Love Your Enemies
Most people, even if they know little about Jesus, grasp his most famous teaching: love your enemies. This love is not just a sentiment but is a program. It is the way the Kingdom he declared advances. We are to love both neighbour and enemy even to the extent of praying for our persecutors and refusing to kill our attackers. As Jesus died with words of forgiveness and prayer for his killers on his lips, so too are his followers to do. Christ-followers become black holes of reconciliation eating up the violence of the world. Hatred and violence are thrown into them and they return love, like trees eat carbon dioxide and give back oxygen. The cycle of violence which started with Cain and Abel thus comes to an end through refusing to participate in it.
Most people have a problem with such an ethics even if they admire it, and truth be told so do most who claim to follow Christ . Although early Christian teachers unanimously preached and lived it, ever since the marriage of Church and State under Constantine this message has been endangered among believers, despite the central place it had in the life and teachings of Jesus himself. Though the application of this teaching in the average person’s life is more along the lines of not becoming angry with those who offend or hurt you, or not seeking revenge upon them in word or gesture, people often leap to the most extreme examples: what about a murderer attacking your family? What about Hitler?
Bonhoeffer and Hitler
Bonhoeffer was reluctant to be involved in the plot to kill Hitler. He agonized over it and was not proud of it. In fact he considered it a sin but felt that in such radically horrific circumstances it was the “right” thing to do. Stauffenberg himself, a Catholic, stopped to pray on the way to the assassination attempt. Earlier he had asked a priest if there was any way to be absolved from the sin of murder.
When I first read of the “salvific socles” I was amazed. Where was God?! I wondered. How could the bomb not have worked? Did, horror of horrors, God spare Hitler? His survival seemed nothing short of miraculous. In fact this was the way that Hitler himself interpreted the incident: “It was providence that spared me. This proves that I am on the right track. I feel that this is the confirmation of all of my work.” (Metaxas, Bonhoeffer, p. 481).
Gradually though I went from seeing God’s absence in this story to seeing his presence. As perilous as it is to speculate about the ways of God, if one has any belief at all in God’s presence in history one has to wonder about this story. Imagine for a moment what success would have meant for God’s kingdom, what signal it would have sent. It would have become known that several Christians, including Bonhoeffer, had assassinated Hitler. They would have become heroes and examples to many others to emulate. A great Christian theologian would have become a hero for defeating evil with the very tool that Jesus refused to use: violence. Maybe God did spare Hitler, for the sake of His Kingdom.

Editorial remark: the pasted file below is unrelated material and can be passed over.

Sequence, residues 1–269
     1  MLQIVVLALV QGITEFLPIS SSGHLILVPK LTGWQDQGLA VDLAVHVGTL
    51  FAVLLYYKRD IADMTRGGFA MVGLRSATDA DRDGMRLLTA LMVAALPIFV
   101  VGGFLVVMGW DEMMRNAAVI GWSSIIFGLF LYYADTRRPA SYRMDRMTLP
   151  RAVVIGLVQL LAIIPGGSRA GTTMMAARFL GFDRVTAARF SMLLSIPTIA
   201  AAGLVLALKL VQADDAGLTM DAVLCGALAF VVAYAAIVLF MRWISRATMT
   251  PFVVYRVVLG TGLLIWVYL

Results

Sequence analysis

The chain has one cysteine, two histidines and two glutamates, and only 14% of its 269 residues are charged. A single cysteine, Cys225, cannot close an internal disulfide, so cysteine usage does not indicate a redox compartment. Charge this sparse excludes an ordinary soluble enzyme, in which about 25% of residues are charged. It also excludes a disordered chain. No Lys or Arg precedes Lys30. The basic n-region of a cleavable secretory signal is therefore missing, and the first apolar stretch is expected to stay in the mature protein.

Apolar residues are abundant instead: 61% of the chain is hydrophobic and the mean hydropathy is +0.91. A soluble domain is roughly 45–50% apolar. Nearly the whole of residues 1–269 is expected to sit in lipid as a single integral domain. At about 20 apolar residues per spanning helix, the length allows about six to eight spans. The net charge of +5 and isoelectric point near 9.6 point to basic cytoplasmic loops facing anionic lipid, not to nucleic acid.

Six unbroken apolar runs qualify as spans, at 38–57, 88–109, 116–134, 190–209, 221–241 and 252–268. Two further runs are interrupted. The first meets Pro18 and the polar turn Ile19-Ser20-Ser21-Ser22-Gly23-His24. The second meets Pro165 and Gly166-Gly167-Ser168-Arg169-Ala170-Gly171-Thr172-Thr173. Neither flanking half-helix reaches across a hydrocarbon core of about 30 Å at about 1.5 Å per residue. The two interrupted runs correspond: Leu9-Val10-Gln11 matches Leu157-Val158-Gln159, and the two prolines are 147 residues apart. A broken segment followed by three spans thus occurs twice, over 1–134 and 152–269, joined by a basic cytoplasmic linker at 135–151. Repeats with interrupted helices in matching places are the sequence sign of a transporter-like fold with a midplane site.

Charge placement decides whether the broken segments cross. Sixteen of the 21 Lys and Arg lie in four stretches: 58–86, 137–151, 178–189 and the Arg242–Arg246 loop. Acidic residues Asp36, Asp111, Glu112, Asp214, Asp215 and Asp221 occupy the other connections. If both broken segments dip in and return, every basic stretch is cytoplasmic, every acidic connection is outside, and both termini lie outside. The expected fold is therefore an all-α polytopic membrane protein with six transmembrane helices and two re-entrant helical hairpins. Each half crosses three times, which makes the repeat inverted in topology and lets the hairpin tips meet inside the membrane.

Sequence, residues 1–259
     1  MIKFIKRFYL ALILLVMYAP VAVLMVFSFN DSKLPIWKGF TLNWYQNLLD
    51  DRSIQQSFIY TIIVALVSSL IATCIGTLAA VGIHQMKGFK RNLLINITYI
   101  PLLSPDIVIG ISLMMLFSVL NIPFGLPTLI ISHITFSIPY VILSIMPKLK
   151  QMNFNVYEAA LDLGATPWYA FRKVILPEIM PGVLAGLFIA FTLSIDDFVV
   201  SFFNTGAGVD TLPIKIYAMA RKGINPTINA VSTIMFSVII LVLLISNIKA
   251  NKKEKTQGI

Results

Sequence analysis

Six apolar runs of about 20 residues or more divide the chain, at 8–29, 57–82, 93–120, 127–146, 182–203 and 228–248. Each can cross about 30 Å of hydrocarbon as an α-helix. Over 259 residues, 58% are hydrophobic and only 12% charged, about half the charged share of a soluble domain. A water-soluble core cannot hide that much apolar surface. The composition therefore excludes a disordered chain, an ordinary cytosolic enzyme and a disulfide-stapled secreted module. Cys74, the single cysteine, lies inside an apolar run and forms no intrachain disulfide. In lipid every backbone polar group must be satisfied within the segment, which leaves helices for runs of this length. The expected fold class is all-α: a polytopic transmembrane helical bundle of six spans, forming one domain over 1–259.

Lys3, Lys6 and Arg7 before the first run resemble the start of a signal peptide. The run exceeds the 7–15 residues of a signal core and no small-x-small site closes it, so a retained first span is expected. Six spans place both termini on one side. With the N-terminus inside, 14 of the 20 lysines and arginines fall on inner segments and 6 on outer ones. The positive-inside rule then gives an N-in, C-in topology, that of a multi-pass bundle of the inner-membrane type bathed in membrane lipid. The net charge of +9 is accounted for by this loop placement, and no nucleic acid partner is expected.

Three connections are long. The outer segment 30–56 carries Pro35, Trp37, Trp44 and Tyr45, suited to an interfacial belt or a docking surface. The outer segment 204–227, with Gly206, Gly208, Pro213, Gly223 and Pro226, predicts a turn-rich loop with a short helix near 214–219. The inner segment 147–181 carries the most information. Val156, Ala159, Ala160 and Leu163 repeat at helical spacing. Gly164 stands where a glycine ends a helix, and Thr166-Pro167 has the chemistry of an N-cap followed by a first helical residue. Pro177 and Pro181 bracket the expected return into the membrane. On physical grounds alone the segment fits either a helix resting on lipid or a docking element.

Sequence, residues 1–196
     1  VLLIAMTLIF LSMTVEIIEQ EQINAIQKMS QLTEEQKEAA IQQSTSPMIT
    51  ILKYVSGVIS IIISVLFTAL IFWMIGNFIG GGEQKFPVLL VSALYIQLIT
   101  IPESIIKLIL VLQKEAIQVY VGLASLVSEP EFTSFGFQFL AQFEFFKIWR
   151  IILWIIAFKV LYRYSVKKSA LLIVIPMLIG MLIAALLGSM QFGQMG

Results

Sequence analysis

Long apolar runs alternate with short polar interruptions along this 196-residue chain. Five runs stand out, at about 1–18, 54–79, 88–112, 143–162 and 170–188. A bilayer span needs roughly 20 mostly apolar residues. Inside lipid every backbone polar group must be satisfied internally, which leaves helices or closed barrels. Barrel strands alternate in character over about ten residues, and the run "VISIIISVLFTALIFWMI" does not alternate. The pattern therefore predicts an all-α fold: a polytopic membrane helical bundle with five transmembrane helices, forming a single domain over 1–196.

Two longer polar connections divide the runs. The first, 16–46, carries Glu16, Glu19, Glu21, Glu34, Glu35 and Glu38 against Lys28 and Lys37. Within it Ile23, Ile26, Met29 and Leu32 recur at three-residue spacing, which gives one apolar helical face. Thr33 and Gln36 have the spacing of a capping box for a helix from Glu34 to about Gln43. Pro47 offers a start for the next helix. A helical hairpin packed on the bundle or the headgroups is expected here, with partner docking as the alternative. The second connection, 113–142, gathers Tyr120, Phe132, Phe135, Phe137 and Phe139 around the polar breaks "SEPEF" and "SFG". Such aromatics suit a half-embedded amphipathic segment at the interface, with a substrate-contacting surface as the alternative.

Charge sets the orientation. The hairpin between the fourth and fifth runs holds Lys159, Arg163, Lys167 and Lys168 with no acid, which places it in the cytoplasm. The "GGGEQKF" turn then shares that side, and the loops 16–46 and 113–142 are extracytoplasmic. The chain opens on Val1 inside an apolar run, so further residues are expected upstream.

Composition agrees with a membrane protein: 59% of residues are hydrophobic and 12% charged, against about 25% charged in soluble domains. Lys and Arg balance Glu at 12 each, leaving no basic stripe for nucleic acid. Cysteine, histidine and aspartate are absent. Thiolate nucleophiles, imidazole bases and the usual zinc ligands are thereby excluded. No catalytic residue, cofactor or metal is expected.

The results of the plot are instructive and point out the problems with even the seemingly most justified of murders. What were the actual results? Hitler was strengthened in his confidence; many good more good people died than might have (including Bonhoeffer). Were the other people in the room who died deserving of it? Maybe (they were Nazis) but maybe not (so was Stauffenberg). Lastly, do we know that Hitler’s death would have stopped the Third Reich? What if other Nazi leaders, no doubt power hungry and vicious immoralists themselves, took over and did a better job of leading the Reich to survival than Hitler did?
I am not, of course, suggesting that nothing should have been done to stop Hitler. I am, however, arguing that the inherent dangers and ambiguities of using violence to further your aims mitigate against the wisdom of doing so when Jesus himself forbade it. Look at the maelstrom of violence and suffering unleashed by America’s destruction of the government of Saddam Hussein. History provides surprisingly few, if any, examples of the long term success of violence, and the greatest and most transformative movement in the history of religion and culture was started by a Rabbi who did not defend himself in the face of Pilate.